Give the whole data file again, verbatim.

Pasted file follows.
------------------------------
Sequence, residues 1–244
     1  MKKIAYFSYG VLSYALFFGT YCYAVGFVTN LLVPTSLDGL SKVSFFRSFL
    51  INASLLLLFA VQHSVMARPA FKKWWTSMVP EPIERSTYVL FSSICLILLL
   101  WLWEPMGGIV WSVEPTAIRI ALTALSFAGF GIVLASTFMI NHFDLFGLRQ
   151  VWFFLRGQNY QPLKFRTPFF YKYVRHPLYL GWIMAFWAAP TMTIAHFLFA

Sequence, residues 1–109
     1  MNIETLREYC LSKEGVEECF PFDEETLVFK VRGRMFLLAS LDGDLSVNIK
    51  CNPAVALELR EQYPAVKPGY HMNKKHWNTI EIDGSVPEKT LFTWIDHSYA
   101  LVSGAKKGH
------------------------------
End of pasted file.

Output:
Sequence, residues 1–244
     1  MKKIAYFSYG VLSYALFFGT YCYAVGFVTN LLVPTSLDGL SKVSFFRSFL
    51  INASLLLLFA VQHSVMARPA FKKWWTSMVP EPIERSTYVL FSSICLILLL
   101  WLWEPMGGIV WSVEPTAIRI ALTALSFAGF GIVLASTFMI NHFDLFGLRQ
   151  VWFFLRGQNY QPLKFRTPFF YKYVRHPLYL GWIMAFWAAP TMTIAHFLFA

Sequence, residues 1–109
     1  MNIETLREYC LSKEGVEECF PFDEETLVFK VRGRMFLLAS LDGDLSVNIK
    51  CNPAVALELR EQYPAVKPGY HMNKKHWNTI EIDGSVPEKT LFTWIDHSYA
   101  LVSGAKKGH